But the company’s hiatus from train making in Britain was ended after the company filed a planning application worth between £80m-£100m for a transport and technology facility in Widnes. The construction would be built in three phases, the first a near 28,000 sq m facility fit with car parking, service yards, rail sidings, landscaping and associated engineering operations. The later phases have the potential to include a new British factory, which would build HS2 trains if Alstom were to win that order.

Alstom is also introducing a training academy for railway – the first in the North West of England – as it seeks to build on its skills agenda and apprenticeships in the UK. The overall investment will directly provide some 500 new jobs to the area. It is a significant undertaking but one that came at the right time, Watson says. “If it doesn’t work I get the sack,” he jokes.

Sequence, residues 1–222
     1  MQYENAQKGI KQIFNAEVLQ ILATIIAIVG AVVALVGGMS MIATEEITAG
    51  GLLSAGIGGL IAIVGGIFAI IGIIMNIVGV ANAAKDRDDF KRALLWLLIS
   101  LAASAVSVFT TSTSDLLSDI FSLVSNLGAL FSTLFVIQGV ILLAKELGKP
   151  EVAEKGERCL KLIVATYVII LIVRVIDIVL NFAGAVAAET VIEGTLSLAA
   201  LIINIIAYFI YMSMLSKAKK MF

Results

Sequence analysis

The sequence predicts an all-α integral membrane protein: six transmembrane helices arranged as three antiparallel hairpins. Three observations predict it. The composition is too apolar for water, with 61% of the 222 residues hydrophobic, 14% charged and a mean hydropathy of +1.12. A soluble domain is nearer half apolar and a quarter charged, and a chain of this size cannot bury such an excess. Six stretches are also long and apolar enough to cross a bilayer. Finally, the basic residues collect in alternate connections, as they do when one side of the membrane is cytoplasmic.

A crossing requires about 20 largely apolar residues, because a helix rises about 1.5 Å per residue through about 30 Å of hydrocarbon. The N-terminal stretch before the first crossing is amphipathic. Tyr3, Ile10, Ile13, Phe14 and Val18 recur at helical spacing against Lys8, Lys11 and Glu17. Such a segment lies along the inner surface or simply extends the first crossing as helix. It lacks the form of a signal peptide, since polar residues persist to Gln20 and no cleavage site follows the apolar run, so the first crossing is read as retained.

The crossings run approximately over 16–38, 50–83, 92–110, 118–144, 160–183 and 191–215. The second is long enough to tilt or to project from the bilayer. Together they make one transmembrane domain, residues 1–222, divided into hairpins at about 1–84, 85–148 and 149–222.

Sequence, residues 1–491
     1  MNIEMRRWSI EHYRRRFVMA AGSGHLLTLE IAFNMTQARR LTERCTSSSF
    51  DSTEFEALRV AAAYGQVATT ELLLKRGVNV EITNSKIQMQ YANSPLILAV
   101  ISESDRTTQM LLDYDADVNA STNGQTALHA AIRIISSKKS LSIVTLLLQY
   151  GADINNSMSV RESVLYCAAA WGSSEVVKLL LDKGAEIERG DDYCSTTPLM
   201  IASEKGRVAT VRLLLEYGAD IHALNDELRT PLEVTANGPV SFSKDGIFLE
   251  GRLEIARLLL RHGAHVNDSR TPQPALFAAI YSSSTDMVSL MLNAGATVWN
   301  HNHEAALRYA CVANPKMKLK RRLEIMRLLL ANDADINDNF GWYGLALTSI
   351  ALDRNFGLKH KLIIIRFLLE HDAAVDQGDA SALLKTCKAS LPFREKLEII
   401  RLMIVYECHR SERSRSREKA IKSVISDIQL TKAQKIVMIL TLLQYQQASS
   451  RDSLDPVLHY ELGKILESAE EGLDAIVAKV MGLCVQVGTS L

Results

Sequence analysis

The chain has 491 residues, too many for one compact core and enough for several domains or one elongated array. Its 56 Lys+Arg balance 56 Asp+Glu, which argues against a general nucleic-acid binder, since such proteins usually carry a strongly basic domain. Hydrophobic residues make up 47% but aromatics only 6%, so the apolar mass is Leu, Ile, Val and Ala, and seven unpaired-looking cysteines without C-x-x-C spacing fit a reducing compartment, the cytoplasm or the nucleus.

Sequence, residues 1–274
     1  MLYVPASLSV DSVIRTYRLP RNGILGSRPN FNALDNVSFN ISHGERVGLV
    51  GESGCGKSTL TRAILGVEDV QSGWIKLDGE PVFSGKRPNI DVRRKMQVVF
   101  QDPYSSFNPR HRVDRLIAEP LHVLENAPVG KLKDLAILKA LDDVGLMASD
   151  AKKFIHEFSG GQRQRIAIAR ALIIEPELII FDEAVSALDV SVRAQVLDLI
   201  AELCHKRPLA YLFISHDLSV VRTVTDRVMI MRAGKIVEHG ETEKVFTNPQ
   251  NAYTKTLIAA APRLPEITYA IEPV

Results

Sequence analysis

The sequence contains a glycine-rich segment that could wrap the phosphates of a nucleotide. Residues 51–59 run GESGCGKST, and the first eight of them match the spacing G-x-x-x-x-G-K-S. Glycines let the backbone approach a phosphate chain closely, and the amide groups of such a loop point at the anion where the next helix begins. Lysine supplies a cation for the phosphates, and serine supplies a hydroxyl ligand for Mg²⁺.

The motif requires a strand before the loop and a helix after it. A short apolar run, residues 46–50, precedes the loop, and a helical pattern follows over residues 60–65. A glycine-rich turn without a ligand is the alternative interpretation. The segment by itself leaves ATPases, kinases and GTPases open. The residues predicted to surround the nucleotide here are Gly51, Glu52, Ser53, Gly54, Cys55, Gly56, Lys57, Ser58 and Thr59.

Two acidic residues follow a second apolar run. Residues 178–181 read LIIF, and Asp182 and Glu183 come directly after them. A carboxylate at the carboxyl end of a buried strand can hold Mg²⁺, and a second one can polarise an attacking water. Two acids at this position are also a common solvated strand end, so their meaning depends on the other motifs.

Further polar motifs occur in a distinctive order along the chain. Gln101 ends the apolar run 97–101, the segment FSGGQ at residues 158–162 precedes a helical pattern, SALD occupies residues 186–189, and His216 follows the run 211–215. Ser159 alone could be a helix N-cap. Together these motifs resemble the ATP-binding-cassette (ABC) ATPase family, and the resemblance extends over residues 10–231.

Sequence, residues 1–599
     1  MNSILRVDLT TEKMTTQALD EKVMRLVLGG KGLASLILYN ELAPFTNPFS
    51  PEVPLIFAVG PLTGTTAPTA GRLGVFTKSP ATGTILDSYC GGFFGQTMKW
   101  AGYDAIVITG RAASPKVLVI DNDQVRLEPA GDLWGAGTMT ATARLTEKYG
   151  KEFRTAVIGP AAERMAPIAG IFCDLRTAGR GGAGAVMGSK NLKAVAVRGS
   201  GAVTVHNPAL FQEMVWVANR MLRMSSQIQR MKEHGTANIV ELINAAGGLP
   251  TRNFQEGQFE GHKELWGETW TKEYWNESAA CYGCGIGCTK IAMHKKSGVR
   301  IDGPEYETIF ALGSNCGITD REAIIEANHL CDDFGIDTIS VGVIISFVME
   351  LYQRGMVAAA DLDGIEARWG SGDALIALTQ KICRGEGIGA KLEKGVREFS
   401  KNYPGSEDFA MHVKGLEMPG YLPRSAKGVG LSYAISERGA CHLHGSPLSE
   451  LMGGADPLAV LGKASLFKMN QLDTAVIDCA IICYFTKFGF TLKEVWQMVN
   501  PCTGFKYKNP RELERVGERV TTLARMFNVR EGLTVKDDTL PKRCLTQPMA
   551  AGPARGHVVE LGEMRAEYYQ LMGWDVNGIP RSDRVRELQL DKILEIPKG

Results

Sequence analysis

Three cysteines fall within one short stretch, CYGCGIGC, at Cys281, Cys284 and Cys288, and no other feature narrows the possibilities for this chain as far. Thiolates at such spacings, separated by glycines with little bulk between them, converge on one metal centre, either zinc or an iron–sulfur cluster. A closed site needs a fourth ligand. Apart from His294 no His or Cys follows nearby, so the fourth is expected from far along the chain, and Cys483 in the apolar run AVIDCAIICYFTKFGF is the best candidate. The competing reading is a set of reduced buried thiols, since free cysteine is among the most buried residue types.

He identifies three central factors that lured Alstom back to train making in the UK; a healthy domestic rail market with long-term potential and a committed Government sending out the right signals about future investment and competitiveness. On this last point, Watson argues that the cost of assembling trains in Britain now roughly equates to shipping in product from South East Asia.

“We reached a point around a year ago where a clever supply model, assembling in Britain, roughly matches the price of a product shipped in from, for example, India in total. In other words we’ve reached that point of inflection. It is now, again, a reasonable proposition to make things in Britain competitively,” he says.